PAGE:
Gibbs to Milgram: Yale and the Greats

Ask ten different Yalies their favorite study spot and you will get ten different answers.  Some people like the traditional feel of a squishy leather armchair in Sterling Memorial Library. (Sterling resembles a European Gothic cathedral and is the largest of Yale’s libraries.)  Others prefer the focus and quietude to be found in a dark-wooded Bass Library study room, or the calming background noise (and possibility of seeing friends!) in the Bass cafe.  Some swear by one of the coffee shops found around campus—Jojo’s and BlueState are prime examples—while others prefer to settle into the couches and chairs of their common rooms, turn on some music, and curl up with some readings or problem sets and a mug of hot chocolate.

One of my favorite places to study is at a nature center at the top of Science Hill.  The location is fantastic in so many ways.  First of all, it’s only a couple blocks from my chemistry class that meets Mondays, Wednesdays, and Fridays. Second, and more importantly, the view is spectacular.  From a single vantage point, you can see the spread of Yale’s campus, the peaks of New Haven’s buildings, and the bluffs of East Rock State Park.

For Yalies, “study spots” aren’t simply places to get work done.  They are places to truly learn, and to think about the worldly consequence of the material discussed in class.  They are places to make connections and to examine the aspects of our lives that are enriched by the topics we are learning about.

While studying Gibb’s Free Energy in my chemistry class, we learned that Gibb’s had been a student at Yale and had actually conducted his groundbreaking thermodynamics research in a building just a 4-minute walk away from our classroom.  While studying Stanley Milgram’s famous experiment on authority in my psychology class, we learned that that experiment had been performed in the basement of Linsly-Chittenden Hall, a building I go to every Tuesday and Thursday for my English class (and one that I can see from my bedroom window!).  The influence of Yale’s campus on its academic culture can never be overstated.  On a superficial level, the beauty of our surroundings is conducive to learning in every way.  On a deeper level, however, there is also a sense of awe to be found in realizing that we are treading the same ground tread upon by amazingly influential people, people who have made significant contributions to nearly every branch of human knowledge.  Indeed, Yale’s history contains the stories of many of the “greats”—presidents, Oscar-winning actors, Nobel Prize laureates.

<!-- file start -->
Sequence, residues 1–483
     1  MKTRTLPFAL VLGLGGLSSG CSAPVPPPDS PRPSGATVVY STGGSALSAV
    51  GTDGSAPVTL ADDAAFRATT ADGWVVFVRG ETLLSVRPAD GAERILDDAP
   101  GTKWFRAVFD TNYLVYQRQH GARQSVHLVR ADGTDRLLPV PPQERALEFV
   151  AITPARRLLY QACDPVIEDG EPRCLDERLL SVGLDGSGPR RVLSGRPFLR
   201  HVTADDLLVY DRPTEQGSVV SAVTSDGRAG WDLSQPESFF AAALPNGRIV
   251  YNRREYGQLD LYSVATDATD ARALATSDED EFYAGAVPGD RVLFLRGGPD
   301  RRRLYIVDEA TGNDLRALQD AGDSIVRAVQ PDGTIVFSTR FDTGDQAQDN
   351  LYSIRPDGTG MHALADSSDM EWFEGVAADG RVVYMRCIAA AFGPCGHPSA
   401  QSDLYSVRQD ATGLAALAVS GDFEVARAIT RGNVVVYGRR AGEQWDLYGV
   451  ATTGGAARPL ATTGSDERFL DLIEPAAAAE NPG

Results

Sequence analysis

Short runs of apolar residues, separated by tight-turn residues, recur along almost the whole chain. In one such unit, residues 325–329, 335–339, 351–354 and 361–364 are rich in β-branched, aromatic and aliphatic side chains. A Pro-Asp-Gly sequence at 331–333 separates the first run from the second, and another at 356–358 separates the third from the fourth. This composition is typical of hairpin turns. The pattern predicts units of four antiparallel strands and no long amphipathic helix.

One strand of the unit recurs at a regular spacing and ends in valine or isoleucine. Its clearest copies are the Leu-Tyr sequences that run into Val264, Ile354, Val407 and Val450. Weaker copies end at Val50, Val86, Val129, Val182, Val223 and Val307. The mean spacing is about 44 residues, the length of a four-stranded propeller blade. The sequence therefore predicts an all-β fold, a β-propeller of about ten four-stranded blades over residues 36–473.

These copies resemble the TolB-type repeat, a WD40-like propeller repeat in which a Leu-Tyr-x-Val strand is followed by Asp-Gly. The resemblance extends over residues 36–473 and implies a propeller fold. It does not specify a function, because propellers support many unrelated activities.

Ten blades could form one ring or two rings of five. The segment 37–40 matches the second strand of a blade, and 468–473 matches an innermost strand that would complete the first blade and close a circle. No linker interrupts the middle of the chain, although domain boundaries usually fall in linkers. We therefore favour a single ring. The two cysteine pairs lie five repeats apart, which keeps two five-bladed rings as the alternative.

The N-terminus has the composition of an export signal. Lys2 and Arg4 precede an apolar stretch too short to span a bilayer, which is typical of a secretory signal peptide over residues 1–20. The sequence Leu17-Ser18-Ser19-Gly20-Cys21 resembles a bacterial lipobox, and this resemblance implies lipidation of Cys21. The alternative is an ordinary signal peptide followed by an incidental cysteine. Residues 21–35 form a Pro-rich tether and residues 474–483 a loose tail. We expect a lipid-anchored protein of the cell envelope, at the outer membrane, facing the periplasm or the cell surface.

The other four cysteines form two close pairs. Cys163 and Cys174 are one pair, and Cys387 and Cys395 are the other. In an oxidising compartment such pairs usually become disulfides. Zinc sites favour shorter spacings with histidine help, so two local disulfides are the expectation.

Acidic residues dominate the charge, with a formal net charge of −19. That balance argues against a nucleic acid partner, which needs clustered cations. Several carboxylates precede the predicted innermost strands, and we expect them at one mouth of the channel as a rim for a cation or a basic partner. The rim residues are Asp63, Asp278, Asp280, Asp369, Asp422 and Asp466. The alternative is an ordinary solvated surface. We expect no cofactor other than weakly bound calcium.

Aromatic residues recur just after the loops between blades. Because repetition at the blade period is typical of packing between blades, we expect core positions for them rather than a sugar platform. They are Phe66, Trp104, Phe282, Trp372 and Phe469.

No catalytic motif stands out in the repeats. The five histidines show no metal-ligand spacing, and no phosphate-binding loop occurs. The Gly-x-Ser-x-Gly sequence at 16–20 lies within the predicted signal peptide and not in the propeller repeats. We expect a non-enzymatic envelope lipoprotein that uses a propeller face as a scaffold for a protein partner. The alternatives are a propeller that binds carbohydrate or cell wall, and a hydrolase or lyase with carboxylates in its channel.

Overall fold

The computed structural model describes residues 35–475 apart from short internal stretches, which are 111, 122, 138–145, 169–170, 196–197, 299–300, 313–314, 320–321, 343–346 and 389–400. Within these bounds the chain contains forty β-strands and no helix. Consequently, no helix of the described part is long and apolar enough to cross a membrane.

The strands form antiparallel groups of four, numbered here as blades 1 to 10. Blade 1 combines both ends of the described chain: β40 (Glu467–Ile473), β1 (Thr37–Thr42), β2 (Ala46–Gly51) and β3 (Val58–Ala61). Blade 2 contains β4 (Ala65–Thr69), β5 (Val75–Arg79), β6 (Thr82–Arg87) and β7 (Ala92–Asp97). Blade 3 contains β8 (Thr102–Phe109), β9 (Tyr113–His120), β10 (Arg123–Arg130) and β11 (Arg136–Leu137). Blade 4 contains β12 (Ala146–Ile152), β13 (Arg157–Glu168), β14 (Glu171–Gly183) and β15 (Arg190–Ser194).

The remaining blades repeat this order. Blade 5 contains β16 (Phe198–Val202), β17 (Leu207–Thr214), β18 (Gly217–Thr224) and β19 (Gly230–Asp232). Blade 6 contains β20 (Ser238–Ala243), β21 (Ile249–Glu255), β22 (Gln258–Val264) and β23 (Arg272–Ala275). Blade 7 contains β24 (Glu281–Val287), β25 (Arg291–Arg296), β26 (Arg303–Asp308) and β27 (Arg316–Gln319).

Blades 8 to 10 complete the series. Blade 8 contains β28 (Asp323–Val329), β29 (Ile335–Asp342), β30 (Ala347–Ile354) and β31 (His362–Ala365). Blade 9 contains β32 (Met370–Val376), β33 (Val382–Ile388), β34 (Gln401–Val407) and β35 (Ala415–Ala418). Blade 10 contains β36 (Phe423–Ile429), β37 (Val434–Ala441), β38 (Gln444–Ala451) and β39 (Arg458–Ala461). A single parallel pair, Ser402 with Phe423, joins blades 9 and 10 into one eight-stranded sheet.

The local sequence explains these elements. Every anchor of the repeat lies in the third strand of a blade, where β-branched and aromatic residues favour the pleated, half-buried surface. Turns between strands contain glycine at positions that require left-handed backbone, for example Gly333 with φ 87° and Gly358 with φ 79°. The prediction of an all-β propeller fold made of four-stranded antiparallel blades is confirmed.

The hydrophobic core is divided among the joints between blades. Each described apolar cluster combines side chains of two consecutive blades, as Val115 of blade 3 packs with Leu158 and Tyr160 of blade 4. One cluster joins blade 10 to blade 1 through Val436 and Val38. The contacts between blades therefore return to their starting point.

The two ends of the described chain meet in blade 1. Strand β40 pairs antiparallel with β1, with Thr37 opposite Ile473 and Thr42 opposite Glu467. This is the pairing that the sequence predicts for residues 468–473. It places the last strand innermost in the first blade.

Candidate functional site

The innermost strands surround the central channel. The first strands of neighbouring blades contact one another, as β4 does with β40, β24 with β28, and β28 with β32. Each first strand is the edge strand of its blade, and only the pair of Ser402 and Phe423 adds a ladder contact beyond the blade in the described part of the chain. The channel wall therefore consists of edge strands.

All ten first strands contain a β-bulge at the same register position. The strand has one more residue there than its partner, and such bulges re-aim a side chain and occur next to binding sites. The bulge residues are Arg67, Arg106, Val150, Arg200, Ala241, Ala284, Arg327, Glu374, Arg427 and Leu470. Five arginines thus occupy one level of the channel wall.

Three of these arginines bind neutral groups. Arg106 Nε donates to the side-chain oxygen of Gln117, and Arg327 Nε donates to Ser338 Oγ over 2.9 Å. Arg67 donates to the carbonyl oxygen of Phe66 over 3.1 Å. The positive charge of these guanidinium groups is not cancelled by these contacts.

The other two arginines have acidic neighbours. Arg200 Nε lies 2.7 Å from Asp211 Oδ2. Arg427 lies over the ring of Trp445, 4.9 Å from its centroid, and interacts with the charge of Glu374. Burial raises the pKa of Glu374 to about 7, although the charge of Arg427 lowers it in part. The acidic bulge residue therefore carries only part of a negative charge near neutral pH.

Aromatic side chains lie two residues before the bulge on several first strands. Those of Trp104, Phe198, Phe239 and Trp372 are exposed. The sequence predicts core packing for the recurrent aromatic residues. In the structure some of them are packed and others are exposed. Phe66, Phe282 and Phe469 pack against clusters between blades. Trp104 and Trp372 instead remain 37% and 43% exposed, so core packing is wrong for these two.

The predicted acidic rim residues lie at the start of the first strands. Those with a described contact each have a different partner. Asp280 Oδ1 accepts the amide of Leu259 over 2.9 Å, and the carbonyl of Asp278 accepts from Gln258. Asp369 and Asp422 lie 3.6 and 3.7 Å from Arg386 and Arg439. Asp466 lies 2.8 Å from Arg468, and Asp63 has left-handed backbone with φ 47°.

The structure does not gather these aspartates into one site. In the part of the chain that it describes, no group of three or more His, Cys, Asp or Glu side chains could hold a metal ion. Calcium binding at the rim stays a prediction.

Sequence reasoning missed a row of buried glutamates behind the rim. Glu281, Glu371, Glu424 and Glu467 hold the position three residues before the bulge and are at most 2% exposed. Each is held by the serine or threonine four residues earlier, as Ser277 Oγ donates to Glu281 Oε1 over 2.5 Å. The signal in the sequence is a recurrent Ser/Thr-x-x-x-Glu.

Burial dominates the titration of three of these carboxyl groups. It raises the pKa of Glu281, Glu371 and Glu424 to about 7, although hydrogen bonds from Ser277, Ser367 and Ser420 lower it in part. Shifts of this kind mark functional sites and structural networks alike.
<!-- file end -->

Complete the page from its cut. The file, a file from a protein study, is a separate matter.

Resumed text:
Yale and the Greats

These people are what contribute most to the significance of this campus, not just the gorgeous tree-lined avenues or the mighty gothic architecture.  That’s why I make those trips a couple extra blocks up the hill so frequently.  It’s not simply to study.  It’s the same reason my friends might go to sit in the marble atrium of Sterling or to the carrels of Bass: it’s to be swept up in a wave of ideas, guided by a closeness to lives lived with great impact and passion, ultimately steered through a course that is all your own.;